Utopia for Realists set out the case for three major things which would build a better world, a utopia in which we not only have unprecedented prosperity but that prosperity is more evenly shared, and people do worthwhile work:
- A shorter workweek
- Universal basic income
- Open borders
As far as I can tell, Brenman has his facts in order, citing studies and real-world circumstances which support the suggestions he makes. Giving homeless people free cash, no strings attached, seems to have a better result than any other intervention, according to the studies he cites; shorter work weeks were almost actually implemented before they slipped off the political agenda; the numbers suggest that immigration will boost economies…
There are a lot of studies mentioned and footnoted, and a lot of sources to check; I did a little digging, but not more than that. I feel like I know so little about economics that Brenman could be saying “we should dye all ducks green” in economics-ese and I would just be nodding along. He writes very convincingly (with a few slip-ups like calling people with disabilities “cripples” — hopefully something introduced by the book’s translator rather than baked into the original text) and often aligns with my own ideas and ideals, so it’s not surprising that I feel the urge to nod along.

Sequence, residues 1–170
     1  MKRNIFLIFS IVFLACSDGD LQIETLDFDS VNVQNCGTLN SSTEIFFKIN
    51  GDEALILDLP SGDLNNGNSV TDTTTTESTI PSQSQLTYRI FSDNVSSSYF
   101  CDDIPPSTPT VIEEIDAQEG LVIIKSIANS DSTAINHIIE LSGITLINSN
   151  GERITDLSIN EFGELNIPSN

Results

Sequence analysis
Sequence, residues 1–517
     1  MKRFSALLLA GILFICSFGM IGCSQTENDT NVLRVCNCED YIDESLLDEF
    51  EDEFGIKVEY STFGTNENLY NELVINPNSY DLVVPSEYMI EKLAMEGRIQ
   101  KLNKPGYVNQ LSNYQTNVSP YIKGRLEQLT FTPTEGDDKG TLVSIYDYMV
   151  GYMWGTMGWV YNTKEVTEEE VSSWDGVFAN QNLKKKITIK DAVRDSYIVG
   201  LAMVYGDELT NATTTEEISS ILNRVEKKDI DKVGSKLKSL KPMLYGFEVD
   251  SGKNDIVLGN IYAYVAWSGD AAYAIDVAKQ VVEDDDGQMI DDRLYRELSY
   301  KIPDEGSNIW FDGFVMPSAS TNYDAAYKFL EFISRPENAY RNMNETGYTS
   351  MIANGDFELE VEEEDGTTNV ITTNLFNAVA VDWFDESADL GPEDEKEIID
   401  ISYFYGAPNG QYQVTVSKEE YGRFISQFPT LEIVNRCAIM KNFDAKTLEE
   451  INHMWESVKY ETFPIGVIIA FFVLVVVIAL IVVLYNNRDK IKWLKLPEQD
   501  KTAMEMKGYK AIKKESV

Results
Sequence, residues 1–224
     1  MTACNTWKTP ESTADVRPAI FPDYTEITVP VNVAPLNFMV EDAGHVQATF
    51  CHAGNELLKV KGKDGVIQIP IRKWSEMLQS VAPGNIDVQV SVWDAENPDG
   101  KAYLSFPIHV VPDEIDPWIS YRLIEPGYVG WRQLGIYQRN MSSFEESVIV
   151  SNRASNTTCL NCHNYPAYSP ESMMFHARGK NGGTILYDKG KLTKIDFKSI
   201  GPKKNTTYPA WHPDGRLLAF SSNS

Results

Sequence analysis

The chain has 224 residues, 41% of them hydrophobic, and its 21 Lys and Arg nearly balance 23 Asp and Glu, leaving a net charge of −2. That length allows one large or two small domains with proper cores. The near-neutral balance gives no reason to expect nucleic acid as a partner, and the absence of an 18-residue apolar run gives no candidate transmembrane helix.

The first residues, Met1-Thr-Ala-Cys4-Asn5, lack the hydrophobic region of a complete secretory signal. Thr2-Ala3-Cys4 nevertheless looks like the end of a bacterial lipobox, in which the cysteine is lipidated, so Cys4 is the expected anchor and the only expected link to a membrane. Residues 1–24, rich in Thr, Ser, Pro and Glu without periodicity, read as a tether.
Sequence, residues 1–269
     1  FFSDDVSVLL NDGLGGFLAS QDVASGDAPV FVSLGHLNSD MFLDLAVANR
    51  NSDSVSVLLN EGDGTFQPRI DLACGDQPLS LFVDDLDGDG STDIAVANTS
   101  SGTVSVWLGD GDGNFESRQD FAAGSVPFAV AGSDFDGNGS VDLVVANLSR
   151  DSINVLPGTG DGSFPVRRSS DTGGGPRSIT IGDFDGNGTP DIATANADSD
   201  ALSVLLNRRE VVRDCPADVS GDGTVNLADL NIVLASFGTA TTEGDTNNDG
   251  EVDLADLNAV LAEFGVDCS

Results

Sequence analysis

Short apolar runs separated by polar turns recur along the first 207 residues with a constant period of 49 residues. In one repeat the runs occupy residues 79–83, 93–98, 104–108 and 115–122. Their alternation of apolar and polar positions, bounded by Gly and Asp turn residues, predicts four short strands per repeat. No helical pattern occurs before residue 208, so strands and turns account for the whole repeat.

I did have a couple of criticisms that even I noticed, though. One example was his claim that immigration doesn’t harm social cohesion… only to claim that open borders couldn’t be introduced immediately because of the impact on social cohesion. Yikes, dude. You literally just said there’s no effect, two pages before. He also explicitly mentions rejecting a study because of his own opinions on the subject, and never actually discusses the results of that study and why he would rationally put it aside. There are a couple of other bits and pieces like that — inconsistencies and eyebrow-raising moments.
He also exhorts people at the end to be idealists, after setting out his case that utopia is achievable. I see what he means — it is achievable, if his data and theories are correct, but it requires people willing to commit to it and believe it, and in the face of so much opposition that does take an idealist, not a realist. It’s still a bit of a contradition, though…